Blog Archives

Rehabilitative Online Education versus Internet Discussion Group for Hearing Aid Users: A Randomized Controlled Trial


This study provides preliminary evidence that the Internet can be used to deliver education to experienced hearing aid users who report residual hearing problems such that their problems are reduced by the intervention. The study also suggests that online discussion forums could be used in rehabilitation. A combination of online professional supervised education and online informal discussions could be a promising rehabilitation tool.

from the Journal of the American Academy of Audiology

Yiddish on the Internet

This short study examines the sociolinguistic situation of Yiddish on the Internet in comparison with other languages. In particular, it describes and analyzes the language in its practical and symbolic uses on websites and mailing lists, or as cyber-vernacular and cyber-postvernacular respectively. An analysis of language choice and language use offers evidence for the increasing use of Yiddish as cyber-postvernacular. It is also argued that Yiddish as a diaspora language has more to benefit from the Internet for building speech communities even in postvernacular mode, but this potential has not been sufficiently used yet.<p><p>from <a href=””><em>Language & Communication</em></a></p>

Computer-mediated glosses in second language reading comprehension and vocabulary learning: A meta-analysis

Language learners have unprecedented opportunities for developing second language literacy skills and intercultural understanding by reading authentic texts on the Internet and in multimedia computer-assisted language learning environments. This article presents findings from a meta-analysis of 11 studies of computer-mediated glosses in second language reading comprehension and incidental vocabulary learning. Computer-mediated glosses had an overall medium effect on second language reading comprehension and a large effect on incidental vocabulary learning. Mean effect sizes varied from medium to large depending upon the level of instruction, text type, and assessment tasks. Drawing upon findings of this meta-analysis and the overall characteristics of gloss studies, we propose recommendations for future research, including replications and the systematic study of reading variables and learner individual differences in multimedia learning environments with authentic texts.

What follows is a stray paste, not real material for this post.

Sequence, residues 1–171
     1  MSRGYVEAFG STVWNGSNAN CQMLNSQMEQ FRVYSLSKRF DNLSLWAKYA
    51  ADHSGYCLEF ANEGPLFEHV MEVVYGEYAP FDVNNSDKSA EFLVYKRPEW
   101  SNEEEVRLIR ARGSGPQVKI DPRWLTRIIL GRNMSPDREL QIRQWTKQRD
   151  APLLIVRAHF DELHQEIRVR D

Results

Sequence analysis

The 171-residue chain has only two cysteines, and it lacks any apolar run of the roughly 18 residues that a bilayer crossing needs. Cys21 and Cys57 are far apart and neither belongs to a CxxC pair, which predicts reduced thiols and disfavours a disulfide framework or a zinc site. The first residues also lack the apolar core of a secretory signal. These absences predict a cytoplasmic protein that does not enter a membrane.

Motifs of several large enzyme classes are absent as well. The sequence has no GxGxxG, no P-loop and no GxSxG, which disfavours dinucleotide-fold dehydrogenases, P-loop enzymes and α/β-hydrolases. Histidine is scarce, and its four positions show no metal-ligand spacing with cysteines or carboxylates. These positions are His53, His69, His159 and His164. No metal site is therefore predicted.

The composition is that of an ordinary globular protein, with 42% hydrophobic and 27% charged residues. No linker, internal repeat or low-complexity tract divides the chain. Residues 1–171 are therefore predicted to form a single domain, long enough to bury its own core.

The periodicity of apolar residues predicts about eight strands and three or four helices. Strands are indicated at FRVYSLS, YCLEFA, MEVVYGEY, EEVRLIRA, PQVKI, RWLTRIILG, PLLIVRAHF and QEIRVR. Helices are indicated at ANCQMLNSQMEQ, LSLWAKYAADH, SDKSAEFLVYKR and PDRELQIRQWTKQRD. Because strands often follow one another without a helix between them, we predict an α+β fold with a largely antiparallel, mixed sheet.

from Computer Assisted Language Learning

Evaluation of an Internet-Based Hearing Test—Comparison with Established Methods for Detection of Hearing Loss

from the Journal of Medical Internet Research

Conclusions: Though an Internet-based hearing test cannot replace a clinical pure-tone audiogram conducted by a trained audiologist, it is a valid and useful screening tool for hearing ability in a large population carried out at a low cost.

Assessing Acquired Language Disorders in Adults via the Internet

from Telemedicine and e-Health

Aphasia, a language disturbance, frequently occurs following acquired brain impairment in adults. Because management of aphasia is often long-term, provision of ongoing and equitable access to treatment creates a significant challenge to speech-language pathologists (SLPs). This study aimed to determine the validity and reliability of assessing aphasia using standardized language assessments via an Internet-based videoconferencing system using a bandwidth of 128 kbits/sec. Thirty-two participants with aphasia due to stroke or traumatic brain injury were assessed simultaneously in either a face-to-face or online-led environment by two SLPs. Short forms of the Boston Diagnostic Aphasia Examination (BDAE-3) and the Boston Naming Test (BNT, 2nd edition) were administered. An eight-item participant satisfaction questionnaire was completed by 15 participants assigned to the online-led assessment. Results failed to identify any significant differences between the 24 subtest scores of the BDAE-3 and the BNT scores obtained in the online and face-to-face test environments (p > 0.01). Weighted kappa statistics indicated moderate to very good agreement (0.59–1.00) between the two assessors for the 24 subtests and eight rating scales of the BDAE-3, the BNT, and for aphasia diagnosis. Good to very good inter- and intra-rater reliability for the online assessment was found across the majority of assessment tasks. Participants reported high overall satisfaction, comfort level, and audio and visual quality in the online environment. This study supports the validity and reliability of delivering standardized assessments of aphasia online and provides a basis for ongoing development of telerehabilitation as an alternate mode of service delivery to persons with aphasia.